The Underwoods are old and fragile now.  Mr. Underwood has given up writing his book about Cyril Connolly.  They have not been to the Corot exhibition at the Tate.  They don’t “gad about” anymore.  When Tony carries the tea tray into the kitchen, Mrs. Underwood complains about having caught her husband writing an inappropriate letter to an actress. Tony breaks some china, but learns with relief that Mrs. Underwood is tougher than her teacups.

Taylor’s women characters are particularly sympathetic.  In “As Long As He Lies Perfectly Still,”  Claire, a novelist, is slightly strung-out at the Holiday Inn as she studies pages of her novel before a reading in Oxford while her husband Jamie and their children sleep. She worries about Jamie’s taking the children to meet his eccentric friends without her supervision.   (Once the children were not fed.)   And at lunch after the reading, there is indeed a disconcerting accident, and the situation spins out of Claire’s control.

In the subtle, gracefully-written title story, the heroine Lucy and her partner Mark dine with his millionaire boss, Clive, and his wife, Henrietta,. Envious of their extravagant house and enraged by Clive’s superficial regrets about  breaking news of financial ruin to a client, Lucy argues about the economy and  mocks Henrietta’s taste in books. When Henrietta asks why writers write what they do, Lucy replies with the non-sequitur, “Beckett wrote for luck.”  Although this expresses her dissociation and sense of the surreal, we feel that Lucy could use some luck, too .Without  Mark’s salary (five times what she gets at the BBC) they could not afford to buy a house, but once home, Lucy learns that Mark’s absorption in the money business  will ironically get in the way of their buying a house.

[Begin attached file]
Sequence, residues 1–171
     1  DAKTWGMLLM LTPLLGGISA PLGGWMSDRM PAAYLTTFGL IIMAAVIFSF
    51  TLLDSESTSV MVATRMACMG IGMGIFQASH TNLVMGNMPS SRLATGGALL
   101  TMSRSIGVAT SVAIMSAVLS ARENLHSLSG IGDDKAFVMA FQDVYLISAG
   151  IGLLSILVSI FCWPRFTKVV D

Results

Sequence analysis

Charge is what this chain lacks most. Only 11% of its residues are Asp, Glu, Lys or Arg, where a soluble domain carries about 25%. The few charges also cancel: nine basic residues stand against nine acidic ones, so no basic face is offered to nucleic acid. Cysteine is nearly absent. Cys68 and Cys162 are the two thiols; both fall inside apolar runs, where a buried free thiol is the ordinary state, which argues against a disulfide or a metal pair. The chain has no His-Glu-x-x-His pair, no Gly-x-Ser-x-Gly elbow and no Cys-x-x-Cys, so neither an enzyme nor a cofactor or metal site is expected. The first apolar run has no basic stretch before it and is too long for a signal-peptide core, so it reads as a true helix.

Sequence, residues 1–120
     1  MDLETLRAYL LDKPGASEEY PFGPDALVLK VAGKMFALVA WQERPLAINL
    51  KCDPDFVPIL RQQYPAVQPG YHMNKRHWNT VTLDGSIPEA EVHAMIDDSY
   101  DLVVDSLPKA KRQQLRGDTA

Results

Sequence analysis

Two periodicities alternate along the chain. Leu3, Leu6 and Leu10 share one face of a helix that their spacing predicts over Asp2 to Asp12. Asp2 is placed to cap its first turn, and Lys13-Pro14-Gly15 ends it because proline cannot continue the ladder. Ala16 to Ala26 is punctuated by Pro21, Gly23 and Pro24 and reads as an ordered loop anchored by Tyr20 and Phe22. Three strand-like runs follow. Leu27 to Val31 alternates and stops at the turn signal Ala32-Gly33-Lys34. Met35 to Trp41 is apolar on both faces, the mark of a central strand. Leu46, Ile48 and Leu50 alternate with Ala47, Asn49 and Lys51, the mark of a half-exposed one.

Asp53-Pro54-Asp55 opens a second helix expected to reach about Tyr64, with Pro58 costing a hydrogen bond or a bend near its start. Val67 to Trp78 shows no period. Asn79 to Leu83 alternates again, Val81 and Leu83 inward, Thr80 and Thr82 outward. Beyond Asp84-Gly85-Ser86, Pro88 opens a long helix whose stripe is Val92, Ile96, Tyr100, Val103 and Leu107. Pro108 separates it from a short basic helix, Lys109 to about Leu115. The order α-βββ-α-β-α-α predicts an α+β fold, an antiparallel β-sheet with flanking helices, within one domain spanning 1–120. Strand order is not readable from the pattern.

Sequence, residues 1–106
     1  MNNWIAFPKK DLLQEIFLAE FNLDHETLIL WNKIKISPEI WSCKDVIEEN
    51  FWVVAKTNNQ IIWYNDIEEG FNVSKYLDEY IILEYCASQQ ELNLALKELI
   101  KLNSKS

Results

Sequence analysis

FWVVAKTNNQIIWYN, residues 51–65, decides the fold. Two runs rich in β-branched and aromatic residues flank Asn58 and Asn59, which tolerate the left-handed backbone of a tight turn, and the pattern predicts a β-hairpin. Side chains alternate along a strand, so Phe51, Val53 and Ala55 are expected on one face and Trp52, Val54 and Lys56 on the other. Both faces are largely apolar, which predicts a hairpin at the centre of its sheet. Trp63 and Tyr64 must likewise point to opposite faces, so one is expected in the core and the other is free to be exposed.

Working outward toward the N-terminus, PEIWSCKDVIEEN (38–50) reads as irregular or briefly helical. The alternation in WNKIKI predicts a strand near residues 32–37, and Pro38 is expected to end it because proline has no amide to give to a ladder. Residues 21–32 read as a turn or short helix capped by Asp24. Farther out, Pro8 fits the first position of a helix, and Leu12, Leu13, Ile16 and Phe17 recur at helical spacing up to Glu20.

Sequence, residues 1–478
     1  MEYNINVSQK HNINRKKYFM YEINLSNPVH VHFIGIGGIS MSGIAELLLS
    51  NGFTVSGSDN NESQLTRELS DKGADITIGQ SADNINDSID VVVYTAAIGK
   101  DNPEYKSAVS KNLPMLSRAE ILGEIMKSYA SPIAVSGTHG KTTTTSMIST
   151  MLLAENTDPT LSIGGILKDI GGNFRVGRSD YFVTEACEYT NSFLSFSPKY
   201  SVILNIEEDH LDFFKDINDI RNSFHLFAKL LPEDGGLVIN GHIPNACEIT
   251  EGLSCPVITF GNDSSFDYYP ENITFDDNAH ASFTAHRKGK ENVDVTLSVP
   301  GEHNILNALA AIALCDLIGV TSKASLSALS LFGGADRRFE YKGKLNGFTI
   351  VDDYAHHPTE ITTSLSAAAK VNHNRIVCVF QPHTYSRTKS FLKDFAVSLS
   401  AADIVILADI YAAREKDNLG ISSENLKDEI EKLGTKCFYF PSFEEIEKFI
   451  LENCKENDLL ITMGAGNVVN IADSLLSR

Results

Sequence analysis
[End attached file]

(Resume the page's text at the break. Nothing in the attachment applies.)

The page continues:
The workplace is a hostile force in many of Taylor’s stories.  In “The Blow-Ins,” a couple struggles to keep their bookstore afloat when tourist season is over.  In “Teeny-Weeny Little World,” an exasperated teacher must justify teaching poetry to a new headmaster. In “Jermyn Street,” a down-and-out employee at an antique shop is exasperated by his boss’s daily fights with his wife.  In “To Brooklyn Bridge,” set in Chicago, a young woman escapes her job sewing in a sweatshop in Chicago to go to college;  on the beach she recites Hart Crane’s  poem “To Brooklyn Bridge”to her boyfriend, a salesman who does not understand…

All teachers have their breaking points.  In “Wonderland,” a realistic, beautifully-written, slightly edgy story, Amy, an unhappy English teacher who lectures on modernism at a third-rate (or fourth-rate?) university, dislikes her vacuous students.  She thinks of them as the anorexic girl, the “fat-arsed one,”the dull sisterly pair, and ” Lily Chen, formerly of the University of Taipei or some such place.”Amy especially dislikes Lily, who does not know English well enough to read Virginia Woolf and seldom comes to class. When an administrator confronts Amy about the failing grade on Lily’s paper and suggests it is racism, Amy is shocked.  But  a twist at the end of the story makes Amy sympathetic to Lily.

I very much enjoyed this remarkable collection of short stories, and am impressed, as always, by Taylor’s versatility and brilliance.

A little bit about Taylor:  His novel, The Windsor Faction, won the Sidewise Award for Best Long-Form Alternate History in 2014.  His histroical novel, Derby Day, was longlisted for the Man Booker Prize in 2011.  And he won the Whitbread Award for his biography of Gerorge Orwll in 2003.